Every unit is assumed to be active just as they would be in combat and can react and change orders. There are no activation or initiative rules needed.

Here is an example from an Army Infantry Officer:
link

Example: A target traveling at 28kph will move about 80m in 10 seconds or about 8m/second. If the shooter's gun historic rate of fire is 6 rounds/minute it will shoot every 10 turns after the target has moved 80m – unless at some point the target moved out of the LOS or another unit knocked out the shooter before he shot. Better crews will fire a little sooner, poor crews a little later. The player can decide to shoot a few turns sooner but with an accuracy penalty. He must handle the same speed versus accuracy problem WWII crews were faced with. This has been found to be easy to understand and play by new players because there are no abstracted rules needed.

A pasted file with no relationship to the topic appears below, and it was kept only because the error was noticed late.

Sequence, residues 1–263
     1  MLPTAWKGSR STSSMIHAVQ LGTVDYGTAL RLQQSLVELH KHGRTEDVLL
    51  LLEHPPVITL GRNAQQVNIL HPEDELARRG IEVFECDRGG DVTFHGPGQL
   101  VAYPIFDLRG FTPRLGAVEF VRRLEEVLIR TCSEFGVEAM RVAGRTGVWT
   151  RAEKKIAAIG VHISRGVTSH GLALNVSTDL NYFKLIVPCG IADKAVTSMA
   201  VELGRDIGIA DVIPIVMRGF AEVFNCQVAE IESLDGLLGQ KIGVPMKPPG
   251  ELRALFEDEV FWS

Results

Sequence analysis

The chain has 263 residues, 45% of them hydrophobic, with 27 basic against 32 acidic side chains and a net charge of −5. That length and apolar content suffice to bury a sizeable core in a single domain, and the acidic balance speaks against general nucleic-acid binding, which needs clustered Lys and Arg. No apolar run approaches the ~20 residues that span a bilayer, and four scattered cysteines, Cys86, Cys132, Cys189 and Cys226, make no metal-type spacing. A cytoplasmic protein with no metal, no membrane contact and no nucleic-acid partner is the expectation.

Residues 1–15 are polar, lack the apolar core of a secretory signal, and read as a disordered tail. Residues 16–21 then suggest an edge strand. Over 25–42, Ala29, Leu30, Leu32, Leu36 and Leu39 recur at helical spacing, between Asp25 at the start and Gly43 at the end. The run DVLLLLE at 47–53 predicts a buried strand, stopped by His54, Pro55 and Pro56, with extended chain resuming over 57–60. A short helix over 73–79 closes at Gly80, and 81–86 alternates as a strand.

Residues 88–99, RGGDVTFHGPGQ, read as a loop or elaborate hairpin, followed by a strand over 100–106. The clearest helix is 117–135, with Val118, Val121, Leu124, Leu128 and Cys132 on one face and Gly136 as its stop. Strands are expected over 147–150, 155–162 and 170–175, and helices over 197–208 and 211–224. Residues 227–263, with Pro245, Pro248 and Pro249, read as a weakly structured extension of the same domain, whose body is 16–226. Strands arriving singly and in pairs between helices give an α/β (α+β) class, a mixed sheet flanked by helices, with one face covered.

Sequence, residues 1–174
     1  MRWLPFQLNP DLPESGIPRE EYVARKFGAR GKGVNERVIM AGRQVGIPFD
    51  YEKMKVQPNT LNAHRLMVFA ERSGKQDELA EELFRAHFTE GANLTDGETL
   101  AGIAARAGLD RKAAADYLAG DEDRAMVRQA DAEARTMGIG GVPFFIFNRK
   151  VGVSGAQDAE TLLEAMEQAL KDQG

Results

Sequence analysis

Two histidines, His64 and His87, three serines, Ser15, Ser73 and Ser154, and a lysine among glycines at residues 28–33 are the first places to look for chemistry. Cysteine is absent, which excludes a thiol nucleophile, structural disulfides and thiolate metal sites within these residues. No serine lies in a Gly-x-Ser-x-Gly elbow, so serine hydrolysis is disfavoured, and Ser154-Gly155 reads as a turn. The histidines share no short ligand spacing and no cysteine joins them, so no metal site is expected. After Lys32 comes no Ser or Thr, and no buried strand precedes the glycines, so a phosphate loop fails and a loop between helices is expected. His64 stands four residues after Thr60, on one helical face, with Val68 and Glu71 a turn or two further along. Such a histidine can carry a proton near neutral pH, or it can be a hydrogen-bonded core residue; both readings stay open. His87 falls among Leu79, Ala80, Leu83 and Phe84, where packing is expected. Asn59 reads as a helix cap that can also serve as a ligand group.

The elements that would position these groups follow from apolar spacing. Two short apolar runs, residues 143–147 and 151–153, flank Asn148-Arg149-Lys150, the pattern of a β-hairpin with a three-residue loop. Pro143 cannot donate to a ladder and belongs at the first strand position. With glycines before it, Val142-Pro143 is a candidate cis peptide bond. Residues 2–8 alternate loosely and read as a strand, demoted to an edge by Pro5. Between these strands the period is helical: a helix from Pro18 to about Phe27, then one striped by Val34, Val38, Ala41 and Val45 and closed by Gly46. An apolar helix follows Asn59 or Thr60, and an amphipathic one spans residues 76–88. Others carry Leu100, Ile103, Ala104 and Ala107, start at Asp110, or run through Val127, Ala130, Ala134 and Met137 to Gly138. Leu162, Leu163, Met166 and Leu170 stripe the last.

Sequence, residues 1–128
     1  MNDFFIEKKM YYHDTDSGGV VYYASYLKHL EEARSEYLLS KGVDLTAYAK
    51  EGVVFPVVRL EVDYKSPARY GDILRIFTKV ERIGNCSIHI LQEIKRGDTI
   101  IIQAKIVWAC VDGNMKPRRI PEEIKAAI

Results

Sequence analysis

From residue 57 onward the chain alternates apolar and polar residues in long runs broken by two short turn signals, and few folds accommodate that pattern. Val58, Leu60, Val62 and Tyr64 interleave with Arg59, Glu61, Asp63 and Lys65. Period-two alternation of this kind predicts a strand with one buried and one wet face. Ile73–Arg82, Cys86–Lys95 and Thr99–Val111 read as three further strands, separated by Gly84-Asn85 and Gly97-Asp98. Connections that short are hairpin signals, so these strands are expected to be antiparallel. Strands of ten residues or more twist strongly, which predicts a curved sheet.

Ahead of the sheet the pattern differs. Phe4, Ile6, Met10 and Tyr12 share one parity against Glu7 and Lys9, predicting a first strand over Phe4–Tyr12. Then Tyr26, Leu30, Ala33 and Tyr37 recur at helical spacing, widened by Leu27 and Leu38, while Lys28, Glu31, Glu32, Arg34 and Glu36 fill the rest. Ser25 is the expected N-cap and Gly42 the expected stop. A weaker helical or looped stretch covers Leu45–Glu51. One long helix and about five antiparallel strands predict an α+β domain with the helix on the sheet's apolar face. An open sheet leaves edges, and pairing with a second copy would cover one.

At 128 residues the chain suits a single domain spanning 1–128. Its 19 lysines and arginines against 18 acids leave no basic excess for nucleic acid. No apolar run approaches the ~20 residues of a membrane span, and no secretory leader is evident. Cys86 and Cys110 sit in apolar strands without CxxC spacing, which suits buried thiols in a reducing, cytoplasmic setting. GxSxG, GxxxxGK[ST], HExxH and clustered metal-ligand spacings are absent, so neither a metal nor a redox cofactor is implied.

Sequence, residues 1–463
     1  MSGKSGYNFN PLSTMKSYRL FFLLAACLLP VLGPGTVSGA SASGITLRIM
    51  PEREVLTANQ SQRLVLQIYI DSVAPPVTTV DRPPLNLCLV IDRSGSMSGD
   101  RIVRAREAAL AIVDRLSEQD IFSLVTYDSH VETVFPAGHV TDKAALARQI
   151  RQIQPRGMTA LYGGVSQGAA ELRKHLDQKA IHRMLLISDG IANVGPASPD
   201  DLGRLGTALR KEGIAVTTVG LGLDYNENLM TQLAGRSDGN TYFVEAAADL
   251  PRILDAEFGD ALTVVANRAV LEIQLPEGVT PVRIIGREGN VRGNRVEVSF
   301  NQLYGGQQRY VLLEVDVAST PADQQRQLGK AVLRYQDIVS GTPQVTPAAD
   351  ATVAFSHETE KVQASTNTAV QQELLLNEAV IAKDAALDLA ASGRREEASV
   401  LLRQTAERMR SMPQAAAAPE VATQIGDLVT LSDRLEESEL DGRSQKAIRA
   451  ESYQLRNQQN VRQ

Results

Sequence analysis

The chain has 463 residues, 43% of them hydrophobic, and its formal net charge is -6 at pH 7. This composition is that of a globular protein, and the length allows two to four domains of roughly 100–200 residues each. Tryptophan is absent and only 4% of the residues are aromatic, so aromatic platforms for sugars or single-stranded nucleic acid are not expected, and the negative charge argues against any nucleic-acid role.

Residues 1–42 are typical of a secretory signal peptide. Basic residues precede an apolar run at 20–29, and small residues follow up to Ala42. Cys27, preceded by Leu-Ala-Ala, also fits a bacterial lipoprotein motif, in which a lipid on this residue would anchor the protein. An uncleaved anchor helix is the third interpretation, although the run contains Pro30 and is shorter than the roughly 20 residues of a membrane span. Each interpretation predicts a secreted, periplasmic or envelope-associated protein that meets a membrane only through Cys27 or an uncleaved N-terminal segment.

I've compared my timing values with what is listed in training manuals, personal AAR's, and weapons testing. I've also use combat and training film footage. This includes turret traverse speeds, reload times, typical aiming and ranging times.

The fire control rules are from the US M60 and Sherman tank manual and any tanker will recognize it and the rules simulate Snap Shots, Battle Sight, Burst on Target, Rapid Fire and Range Finder tactics. The players make the decision on how to balance speed and accuracy when shooting and allow him to seize the initiative from his opponent.

No shot has 100% chance of success as there is a 5%-10% chance of something bad happening each time you shoot that will affect the current or next shot (jam, misfire, gunner choked/panicked, etc).